Her 26m Twitter followers will likely strongly disagree with me. And everyone else might call me a hypocrite for criticising her while continuing to listen to her absolutely irresistible music (yes, that was me sitting at the bus stop staring blankly into space while Russian Roulette was blaring through my headphones - what can I say, it always sparks deep, indulgent moments of introspection). Nevertheless, can we please drop the pretence that Rihanna is, by any stretch of the imagination, a role model?
I know, I know - we've been here before. And when it comes to the endlessly fascinating woman in question, a lot of people have a lot of axes to grind. As such, I'll refrain from adding to the chorus of voices who judge and lambast her lyrics, state of dress and relationship status at every given opportunity. To be fair, my issue today isn't even with Rihanna as such. She can and I dare say always will do what she wants; in fact, I doubt she even considers herself a role model. My issue is more with the journalists who commentate on her - and thus compulsively kiss her ass.
Before I continue, I'll concede: she's got a lot on this week. Not only is she releasing Unapologetic, her seventh album in seven years, but the 24-year-old has also seized the Boeing 777 and embarked on an epic promotional tour (dubbed the 777 Tour) to celebrate. It spans seven cities in seven days, from LA to New York via Mexico City, Toronto, Stockholm, Paris and London, with a few hundred or so fans and Champagne-soaked members of the press in tow. Today, she touches down in London. Cue hysteria.
If nothing else one must admire the audacity of such an admittedly glamourous and attention-courting, albeit utterly economically overindulgent PR stunt in these hard times. What's more, I dare say a week's worth of transatlantic performing and professional partying is probably a lot more demanding than it sounds (just think of the jet lag). And regards the lady in question, to be frank I'm concerned she's headed back for the infamous vitamin drip. This is not a joke. I don't doubt she's exhausted.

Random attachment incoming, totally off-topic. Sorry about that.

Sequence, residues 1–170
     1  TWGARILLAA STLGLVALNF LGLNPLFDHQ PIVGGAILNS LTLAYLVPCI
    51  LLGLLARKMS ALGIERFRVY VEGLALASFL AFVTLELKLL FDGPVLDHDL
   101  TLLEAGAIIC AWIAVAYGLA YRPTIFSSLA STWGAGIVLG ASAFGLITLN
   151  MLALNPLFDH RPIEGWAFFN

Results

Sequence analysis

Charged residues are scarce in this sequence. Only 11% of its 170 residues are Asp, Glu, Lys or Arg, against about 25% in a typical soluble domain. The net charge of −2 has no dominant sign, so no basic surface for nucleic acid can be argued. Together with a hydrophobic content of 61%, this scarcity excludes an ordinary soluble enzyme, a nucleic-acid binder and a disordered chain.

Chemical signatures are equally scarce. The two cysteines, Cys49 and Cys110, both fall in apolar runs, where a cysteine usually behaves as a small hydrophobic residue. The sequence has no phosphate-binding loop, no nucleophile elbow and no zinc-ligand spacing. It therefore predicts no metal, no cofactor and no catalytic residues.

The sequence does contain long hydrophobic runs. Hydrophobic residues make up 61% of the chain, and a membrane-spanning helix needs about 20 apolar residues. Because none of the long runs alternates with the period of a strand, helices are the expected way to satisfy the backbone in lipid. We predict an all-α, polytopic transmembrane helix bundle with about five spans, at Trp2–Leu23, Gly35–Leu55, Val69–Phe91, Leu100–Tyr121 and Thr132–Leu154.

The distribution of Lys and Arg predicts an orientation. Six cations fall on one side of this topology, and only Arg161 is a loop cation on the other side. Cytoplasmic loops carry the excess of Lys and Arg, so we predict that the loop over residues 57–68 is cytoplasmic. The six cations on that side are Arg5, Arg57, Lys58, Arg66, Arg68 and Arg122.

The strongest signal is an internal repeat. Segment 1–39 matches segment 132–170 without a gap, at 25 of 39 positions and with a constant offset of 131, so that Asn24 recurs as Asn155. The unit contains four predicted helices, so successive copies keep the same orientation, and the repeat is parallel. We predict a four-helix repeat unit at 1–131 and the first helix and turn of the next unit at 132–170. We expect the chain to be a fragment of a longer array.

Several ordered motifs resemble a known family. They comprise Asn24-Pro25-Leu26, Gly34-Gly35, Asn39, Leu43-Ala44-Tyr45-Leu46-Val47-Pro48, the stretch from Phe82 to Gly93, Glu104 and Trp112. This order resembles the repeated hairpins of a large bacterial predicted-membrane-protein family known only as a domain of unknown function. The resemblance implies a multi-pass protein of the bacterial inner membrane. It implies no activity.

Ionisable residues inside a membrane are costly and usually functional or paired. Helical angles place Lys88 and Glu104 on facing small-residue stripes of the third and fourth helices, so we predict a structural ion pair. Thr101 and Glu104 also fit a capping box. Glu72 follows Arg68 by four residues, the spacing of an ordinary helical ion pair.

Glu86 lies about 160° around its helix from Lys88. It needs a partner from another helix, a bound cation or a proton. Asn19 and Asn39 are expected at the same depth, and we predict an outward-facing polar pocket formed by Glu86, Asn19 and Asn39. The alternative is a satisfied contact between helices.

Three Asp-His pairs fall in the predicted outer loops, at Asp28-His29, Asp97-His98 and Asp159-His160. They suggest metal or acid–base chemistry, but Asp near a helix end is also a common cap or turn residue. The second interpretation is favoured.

But as the album campaign works its magic - as the press and Twitter alike pulsates with excitement around the tour and this month's fresh round of carefully staggered controversies - I'm taken aback by the frequency with which Rihanna's allegedly 'superhuman' work ethic and stamina is cited and gushingly praised. Seriously, it happens all the time. And not just by those paid to write about her. When new-kid-on-the-block and epic brown noser Rita Ora bigged her up earlier this year, that was another kettle of fish entirely.
The United Nations' International Labour Organisation recently estimated that 75 million 15 to 24-year-olds are currently out of work around the world. I'd wager a bet a sizeable proportion of them idolise Rihanna, who has been manning the hit album and single production line for roughly the same stretch of years. Keeping in mind, the vast, vast majority of said albums and singles she didn't write and routinely performs poorly and/or while inebriated; the general creation of which she had a relatively small contribution too.
We can't blame celebrities for the world's problems, I know. But for anyone to make an example of Rihanna's hectic schedule and work ethic in any relatable, traditional sense is misguided, and to tout her as a high achiever is arguably a massively discouraging insult to every other hardworking young person, whether in employment or in feverish pursuit of it. She's overworked, yes, but also dramatically overpaid, and should she as reported accept an incomprehensible £5m to push a button and turn on Westfield Christmas lights tonight - well, underworked and overpaid would be more accurate.